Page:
Yvonne Weldon has always been surrounded by strong leaders, and many in her community consider her to be one, too. But she’d never seriously thought about running for political office until quite recently.
“I swore black and blue I’d never do it. It’s not for the faint hearted and certainly doesn’t come with ease, it’s often very challenging,” Yvonne tells Women’s Agenda.
But now, the proud Wiradjuri woman has entered the race for Lord Mayor of Sydney as an independent candidate and says she was prompted to do it because she believes she can bring a fresh approach to local politics and engage with the community in a more meaningful way.
She replaced Kerryn Phelps in the mayoral race, after the former Member for Wentworth bowed out earlier this year, and will take on incumbent Clover Moore – the longest serving Lord Mayor of Sydney, currently in her fourth term.
Weldon is the first Aboriginal person to run as a candidate to run for Lord Mayor of Sydney, and she says her work in the community makes her a true, grassroots candidate.
“I’ve listened and I’ve watched the council meetings and I was very disappointed to see the views of the people were not truly being represented or being voted on in a representative way,” she said.
Weldon has over 30 years’ experience working in government and Aboriginal organisations, and is the elected Chair of the Metropolitical Local Aboriginal Land Council, Deputy Chair of the NSW Australia Day Council, and is on the board of Domestic Violence NSW, and Redfern Jarjum College.
She says the diversity of roles she’s held, in both formal and informal capacities, have prepared her to enter the realm of politics.
“Being involved in non-profit and community-controlled organisations for my entire working life, I have a very strong take on what I need to be on council,” she said. “If I was to become Lord Mayor I have lots of experience in managing committees and dealing with contentious issues in large and small forums.”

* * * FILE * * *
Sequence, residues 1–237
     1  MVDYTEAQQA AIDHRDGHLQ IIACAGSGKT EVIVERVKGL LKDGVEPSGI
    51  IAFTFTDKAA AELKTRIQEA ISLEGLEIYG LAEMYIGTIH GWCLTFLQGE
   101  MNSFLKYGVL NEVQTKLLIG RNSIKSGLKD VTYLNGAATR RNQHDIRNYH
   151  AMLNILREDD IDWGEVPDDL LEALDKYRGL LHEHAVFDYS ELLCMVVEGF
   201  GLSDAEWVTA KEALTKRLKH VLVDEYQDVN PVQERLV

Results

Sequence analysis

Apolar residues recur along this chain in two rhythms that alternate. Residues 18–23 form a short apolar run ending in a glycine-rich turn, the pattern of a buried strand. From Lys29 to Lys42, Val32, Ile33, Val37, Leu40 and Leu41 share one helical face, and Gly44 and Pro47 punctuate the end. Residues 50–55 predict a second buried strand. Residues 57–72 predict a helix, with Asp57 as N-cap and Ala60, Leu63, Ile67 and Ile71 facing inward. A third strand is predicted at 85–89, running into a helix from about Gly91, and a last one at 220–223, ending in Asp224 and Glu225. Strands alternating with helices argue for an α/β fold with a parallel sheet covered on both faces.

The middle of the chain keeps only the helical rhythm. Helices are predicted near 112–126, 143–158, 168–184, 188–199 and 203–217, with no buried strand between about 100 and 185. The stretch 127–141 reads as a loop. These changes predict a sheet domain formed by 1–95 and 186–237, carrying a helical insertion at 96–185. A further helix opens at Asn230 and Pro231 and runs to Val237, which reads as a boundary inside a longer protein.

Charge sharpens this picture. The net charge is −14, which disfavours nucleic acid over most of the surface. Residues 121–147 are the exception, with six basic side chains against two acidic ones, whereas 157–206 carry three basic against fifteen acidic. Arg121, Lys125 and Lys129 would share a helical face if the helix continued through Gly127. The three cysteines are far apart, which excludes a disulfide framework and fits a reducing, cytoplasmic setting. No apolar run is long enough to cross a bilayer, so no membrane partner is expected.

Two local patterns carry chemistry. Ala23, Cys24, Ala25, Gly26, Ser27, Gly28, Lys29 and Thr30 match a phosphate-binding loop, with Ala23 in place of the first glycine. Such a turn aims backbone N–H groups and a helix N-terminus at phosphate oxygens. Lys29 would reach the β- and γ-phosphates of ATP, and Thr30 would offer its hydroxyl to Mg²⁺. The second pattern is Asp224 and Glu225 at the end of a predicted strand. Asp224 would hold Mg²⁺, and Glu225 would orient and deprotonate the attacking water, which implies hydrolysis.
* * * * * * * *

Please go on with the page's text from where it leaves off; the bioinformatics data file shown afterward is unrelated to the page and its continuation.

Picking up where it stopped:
Weldon is running on a policy platform that includes a focus on community engagement and inclusiveness, improving housing affordability and social housing in the local government area, prioritising a green economy, and support for small businesses, local entrepreneurs, and creatives.
She says she’s concerned that local residents are being pushed out of the city because it’s no longer affordable.
“We’re all part of the fabric of our society, and we need to be inclusive of all parts, making sure there are opportunities,” she said. “Otherwise, we’re going to have an elitism and it will change what this city means to all of us. We need to make sure that is accessible to all of us.”
For Weldon, being a grassroots candidate means prioritising inclusion, something that can’t be done without accountability and integrity.
“The way that I’ve watched the council, especially in council meetings, there doesn’t seem to be a consistent approach around that. It’s about how you’re treating those who pay their rates and have lived here for decades,” she said.
“For myself, and my team, we’re not career politicians. We’re bringing fresh eyes and a true voice to the people we’ve engaged with in a meaningful way.”